29. 29. Retroviruses
  30. 30. Characteristics of Retroviruses <ul><li>Contain RNA, not DNA </li></ul><ul><li>Family Retroviridae </li></ul><ul><li>Contain enzyme called Reverse Transcriptase </li></ul><ul><li>When a retrovirus infects a cell, it injects its RNA and reverse transcriptase enzyme into the cytoplasm of that cell </li></ul><ul><li>Examples: HIV, the AIDS virus, Feline </li></ul><ul><li>Leukemia Virus </li></ul>
  31. 31. Viroids <ul><li>Small, circular RNA molecules without a protein coat </li></ul><ul><li>Infects plants </li></ul><ul><li>Potato famine in Ireland </li></ul>
  32. 32. Prion Diseases <ul><li>Prions have no DNA or RNA </li></ul><ul><li>Prions form insoluble deposits in the brain </li></ul><ul><li>Causes neurons to rapidly degeneration. </li></ul><ul><li>Mad cow disease (bovine spongiform encephalitis: BSE) is an example </li></ul><ul><li>People in New Guinea used to suffer from kuru, which they got from eating the brains of their enemies </li></ul>
  33. 33. Viral Attack <ul><li>Viruses are very specific as to which species they attack </li></ul><ul><li>HOST specific </li></ul><ul><li>A vector is a host that transfers viruses to another organism </li></ul><ul><li>Example – West Nile Virus is spread through mosquitoes </li></ul><ul><li>Humans rarely share viral diseases with other animals </li></ul><ul><li>Eukaryotic viruses usually have protective envelopes made from the host cell membrane </li></ul>
  34. 34. 5 Steps of Lytic Cycle <ul><li>1. Attachment to the cell </li></ul><ul><li>2. Penetration (injection) of viral DNA or RNA </li></ul><ul><li>3. Replication (Biosynthesis) of new viral proteins and nucleic acids </li></ul><ul><li>4. Assembly (Maturation) of the new viruses </li></ul><ul><li>5. Release of the new viruses into the environment (cell lyses) </li></ul>
  35. 35. Bacteriophage Replication <ul><li>Bacteriophage inject their nucleic acid </li></ul><ul><li>They lyse (break open) the bacterial cell when replication is finished </li></ul>
  36. 36. INFECTION
  37. 37. Viral Latency <ul><li>Some viruses have the ability to become </li></ul><ul><li>dormant inside the cell </li></ul><ul><li>Called latent viruses </li></ul><ul><li>They may remain inactive for long periods </li></ul><ul><li>of time (years) </li></ul><ul><li>Later, they activate to produce new </li></ul><ul><li>viruses in response to some external </li></ul><ul><li>signal </li></ul><ul><li>HIV and Herpes viruses are examples </li></ul>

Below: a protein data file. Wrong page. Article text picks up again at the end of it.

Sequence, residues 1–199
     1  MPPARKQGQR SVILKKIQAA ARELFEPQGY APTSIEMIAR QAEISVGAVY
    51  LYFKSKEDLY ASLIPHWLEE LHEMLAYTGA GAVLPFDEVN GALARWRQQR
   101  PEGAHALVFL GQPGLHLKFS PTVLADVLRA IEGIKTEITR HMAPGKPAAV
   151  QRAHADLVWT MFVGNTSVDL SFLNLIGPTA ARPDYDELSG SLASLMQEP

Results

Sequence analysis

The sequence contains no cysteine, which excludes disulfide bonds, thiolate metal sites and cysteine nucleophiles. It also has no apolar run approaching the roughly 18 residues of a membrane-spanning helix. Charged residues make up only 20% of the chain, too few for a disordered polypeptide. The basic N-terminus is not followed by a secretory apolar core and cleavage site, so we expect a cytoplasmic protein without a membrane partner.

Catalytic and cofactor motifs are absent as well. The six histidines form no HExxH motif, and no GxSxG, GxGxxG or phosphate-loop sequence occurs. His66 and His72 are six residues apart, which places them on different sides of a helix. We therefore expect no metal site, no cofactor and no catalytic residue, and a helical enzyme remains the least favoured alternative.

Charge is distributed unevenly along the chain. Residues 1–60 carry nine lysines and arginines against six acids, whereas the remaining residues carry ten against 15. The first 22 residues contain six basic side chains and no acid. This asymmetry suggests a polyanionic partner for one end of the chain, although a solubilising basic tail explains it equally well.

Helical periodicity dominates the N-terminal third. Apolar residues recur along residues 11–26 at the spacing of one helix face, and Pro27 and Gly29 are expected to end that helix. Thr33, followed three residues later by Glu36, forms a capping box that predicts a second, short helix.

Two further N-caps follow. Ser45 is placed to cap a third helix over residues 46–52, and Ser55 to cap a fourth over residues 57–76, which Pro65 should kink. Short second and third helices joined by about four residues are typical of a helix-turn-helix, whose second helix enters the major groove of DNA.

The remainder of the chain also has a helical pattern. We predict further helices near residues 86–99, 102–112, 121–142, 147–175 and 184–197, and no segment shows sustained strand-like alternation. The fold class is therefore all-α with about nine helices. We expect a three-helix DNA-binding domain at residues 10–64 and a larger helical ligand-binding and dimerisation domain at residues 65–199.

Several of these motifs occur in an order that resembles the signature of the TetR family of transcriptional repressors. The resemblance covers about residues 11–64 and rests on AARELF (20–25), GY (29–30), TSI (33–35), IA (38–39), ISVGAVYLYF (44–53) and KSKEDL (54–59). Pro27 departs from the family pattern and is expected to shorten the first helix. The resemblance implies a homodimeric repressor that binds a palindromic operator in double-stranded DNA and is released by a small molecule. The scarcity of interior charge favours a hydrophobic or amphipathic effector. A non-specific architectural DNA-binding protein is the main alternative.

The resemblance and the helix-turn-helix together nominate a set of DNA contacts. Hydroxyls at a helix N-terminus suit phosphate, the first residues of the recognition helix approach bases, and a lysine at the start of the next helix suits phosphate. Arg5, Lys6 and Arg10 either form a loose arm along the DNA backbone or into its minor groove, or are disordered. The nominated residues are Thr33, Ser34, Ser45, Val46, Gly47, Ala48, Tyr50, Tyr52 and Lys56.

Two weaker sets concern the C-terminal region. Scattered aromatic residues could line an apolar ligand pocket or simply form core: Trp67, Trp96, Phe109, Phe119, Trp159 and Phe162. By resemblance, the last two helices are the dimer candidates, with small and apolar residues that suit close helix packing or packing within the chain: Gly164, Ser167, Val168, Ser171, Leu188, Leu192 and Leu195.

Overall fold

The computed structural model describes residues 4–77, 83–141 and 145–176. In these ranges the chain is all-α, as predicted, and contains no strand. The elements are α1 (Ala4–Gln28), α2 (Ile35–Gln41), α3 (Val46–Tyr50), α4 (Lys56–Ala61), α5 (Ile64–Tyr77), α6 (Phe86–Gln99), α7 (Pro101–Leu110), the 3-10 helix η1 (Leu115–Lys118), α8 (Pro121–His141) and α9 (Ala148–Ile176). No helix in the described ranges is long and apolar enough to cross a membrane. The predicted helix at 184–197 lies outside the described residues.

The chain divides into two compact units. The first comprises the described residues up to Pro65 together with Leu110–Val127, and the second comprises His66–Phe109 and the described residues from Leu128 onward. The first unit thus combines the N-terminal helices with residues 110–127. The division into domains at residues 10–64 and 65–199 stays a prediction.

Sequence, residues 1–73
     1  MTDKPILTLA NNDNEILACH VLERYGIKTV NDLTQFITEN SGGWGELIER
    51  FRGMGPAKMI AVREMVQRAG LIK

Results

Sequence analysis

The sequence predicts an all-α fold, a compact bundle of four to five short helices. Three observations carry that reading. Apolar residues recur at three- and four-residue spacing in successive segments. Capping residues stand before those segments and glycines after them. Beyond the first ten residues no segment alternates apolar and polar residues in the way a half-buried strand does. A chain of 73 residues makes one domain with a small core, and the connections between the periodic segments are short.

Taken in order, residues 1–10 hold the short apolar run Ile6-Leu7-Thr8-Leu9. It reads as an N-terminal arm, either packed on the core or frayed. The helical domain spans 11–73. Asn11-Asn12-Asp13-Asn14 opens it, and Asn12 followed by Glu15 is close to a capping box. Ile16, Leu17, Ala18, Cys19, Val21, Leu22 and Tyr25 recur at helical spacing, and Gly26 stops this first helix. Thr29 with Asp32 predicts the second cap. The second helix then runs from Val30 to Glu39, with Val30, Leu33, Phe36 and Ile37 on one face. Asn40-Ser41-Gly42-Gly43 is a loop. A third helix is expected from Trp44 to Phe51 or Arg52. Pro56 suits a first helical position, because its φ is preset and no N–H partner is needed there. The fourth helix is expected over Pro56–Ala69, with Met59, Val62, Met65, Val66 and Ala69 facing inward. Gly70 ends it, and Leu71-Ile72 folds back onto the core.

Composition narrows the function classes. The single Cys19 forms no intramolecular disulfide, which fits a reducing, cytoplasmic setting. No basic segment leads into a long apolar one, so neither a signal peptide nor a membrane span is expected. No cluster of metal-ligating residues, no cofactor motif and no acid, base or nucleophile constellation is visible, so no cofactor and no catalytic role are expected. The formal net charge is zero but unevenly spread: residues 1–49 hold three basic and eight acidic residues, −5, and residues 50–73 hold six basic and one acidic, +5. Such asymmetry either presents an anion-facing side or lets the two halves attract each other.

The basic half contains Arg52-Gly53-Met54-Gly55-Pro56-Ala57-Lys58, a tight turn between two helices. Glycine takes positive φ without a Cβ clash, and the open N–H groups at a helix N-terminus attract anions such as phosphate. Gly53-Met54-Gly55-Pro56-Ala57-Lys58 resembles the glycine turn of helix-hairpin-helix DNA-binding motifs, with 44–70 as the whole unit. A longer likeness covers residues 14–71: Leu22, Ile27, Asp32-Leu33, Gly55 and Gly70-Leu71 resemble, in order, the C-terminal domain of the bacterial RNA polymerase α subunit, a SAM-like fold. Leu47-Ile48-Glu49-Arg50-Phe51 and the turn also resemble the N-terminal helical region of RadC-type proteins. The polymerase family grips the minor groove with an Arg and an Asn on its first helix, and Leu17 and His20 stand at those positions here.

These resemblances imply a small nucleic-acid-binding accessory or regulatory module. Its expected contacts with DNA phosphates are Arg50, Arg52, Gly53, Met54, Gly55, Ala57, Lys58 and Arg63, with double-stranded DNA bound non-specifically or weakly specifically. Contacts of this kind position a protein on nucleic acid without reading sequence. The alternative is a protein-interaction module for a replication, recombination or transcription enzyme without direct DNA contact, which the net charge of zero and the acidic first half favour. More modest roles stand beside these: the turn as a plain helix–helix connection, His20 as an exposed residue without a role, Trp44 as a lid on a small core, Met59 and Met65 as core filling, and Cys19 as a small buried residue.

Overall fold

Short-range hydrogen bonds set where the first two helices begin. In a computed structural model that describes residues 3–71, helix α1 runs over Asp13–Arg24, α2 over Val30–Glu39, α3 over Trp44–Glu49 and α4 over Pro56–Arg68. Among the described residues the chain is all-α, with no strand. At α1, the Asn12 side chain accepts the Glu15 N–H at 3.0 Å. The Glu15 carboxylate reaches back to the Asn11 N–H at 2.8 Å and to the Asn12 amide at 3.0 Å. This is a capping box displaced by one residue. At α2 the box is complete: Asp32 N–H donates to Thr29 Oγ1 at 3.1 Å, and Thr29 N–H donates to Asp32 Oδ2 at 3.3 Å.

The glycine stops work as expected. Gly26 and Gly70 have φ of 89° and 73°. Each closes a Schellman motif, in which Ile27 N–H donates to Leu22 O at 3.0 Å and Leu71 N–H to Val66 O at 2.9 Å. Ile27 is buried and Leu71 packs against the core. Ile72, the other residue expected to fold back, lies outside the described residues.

38. 38. Lysogenic Cycle <ul><li>Phage DNA injected into host cell </li></ul><ul><li>Viral DNA joins host DNA forming a prophage </li></ul><ul><li>When an activation signal occurs, the phage DNA starts replicating </li></ul><ul><li>Viral DNA (part of prophage) may stay inactive in host cell for long periods of time </li></ul>
  39. 39. Latency in Eukaryotes <ul><li>Some eukaryotic viruses remain dormant for many years in the nervous system tissues </li></ul><ul><li>Chickenpox (caused by the virus Varicella zoster ) is a childhood infection </li></ul><ul><li>It can reappear later in life as shingles, a painful itching rash limited to small areas of the body </li></ul>SHINGLES
  40. 40. Latency in Eukaryotes <ul><li>Herpes viruses also become latent in the nervous system </li></ul><ul><li>A herpes infection lasts for a person’s lifetime </li></ul><ul><li>Genital herpes (Herpes Simplex 2) </li></ul><ul><li>Cold sores or fever blisters (Herpes Simplex1) </li></ul>SKIN TO SKIN CONTACT PASSED AT BIRTH TO BABY
  41. 41. HOST SPECIFICITY <ul><li>All kingdoms can be infected by viruses </li></ul><ul><li>Viruses that infect organisms of one kingdom are not able to infect organisms of another kingdom </li></ul><ul><li>Viruses can infect species of organisms that are closely related or not closely related (some viral diseases can be passed from different species) </li></ul><ul><li>Viruses can even be species specific (only passed within the same species) </li></ul><ul><li>Spread is specific to the type of virus </li></ul><ul><li>-Carrier organisms, the air, direct transfer of body fluids </li></ul><ul><li>-Surfaces on which body fluids have dried </li></ul>
  42. 42. PARASITISM <ul><li>Viruses are parasites. </li></ul><ul><ul><li>A parasite is an organism that depends upon another living organism for its existence in such a way that it harms that organism. </li></ul></ul><ul><ul><li>Viruses must infect living cells in order to carry out their functions of growth and reproduction. </li></ul></ul><ul><ul><li>Viruses depend upon their hosts for respiration, nutrition and all the other functions that occur in living things. </li></ul></ul>
  43. 43. Vaccines <ul><li>An attenuated virus is a weakened, less vigorous virus </li></ul><ul><li>“ Attenuate&quot; refers to procedures that weaken an agent of disease (heating) </li></ul><ul><li>A vaccine against a viral disease can be made from an attenuated, less virulent strain of the virus </li></ul><ul><li>Attenuated virus is capable of stimulating an immune response and creating immunity, but not causing illness </li></ul>
  44. 44. Viral illness <ul><li>Treatment of viral disease include vaccination, vector control, and drug therapy </li></ul><ul><li>Drug therapy does NOT work very well </li></ul><ul><li>Vaccination and vector control are the most successful way to beat viruses </li></ul><ul><li>Vaccination works because once you are exposed to and overcome a virus your immune system creates antibodies that will immediately attack the virus if it shows up again </li></ul><ul><li>Hand-washing is effective against bacterial diseases and viral diseases </li></ul>
  45. 45. Other Viral Treatments <ul><li>Interferon are naturally occurring proteins made by cells to fight viruses </li></ul><ul><li>Genetic altering of viruses (attenuated viruses) </li></ul><ul><li>Antiviral drugs (AZT) </li></ul><ul><li>Protease inhibitors – prevent capsid formation </li></ul>copyright cmassengale
  46. 46. Reducing the Risk <ul><li>Cover mouth/nose when you sneeze of cough </li></ul><ul><li>Wash hands frequently </li></ul><ul><li>Avoid contact with the body fluids </li></ul><ul><li>Not foolproof but reduces the risks </li></ul>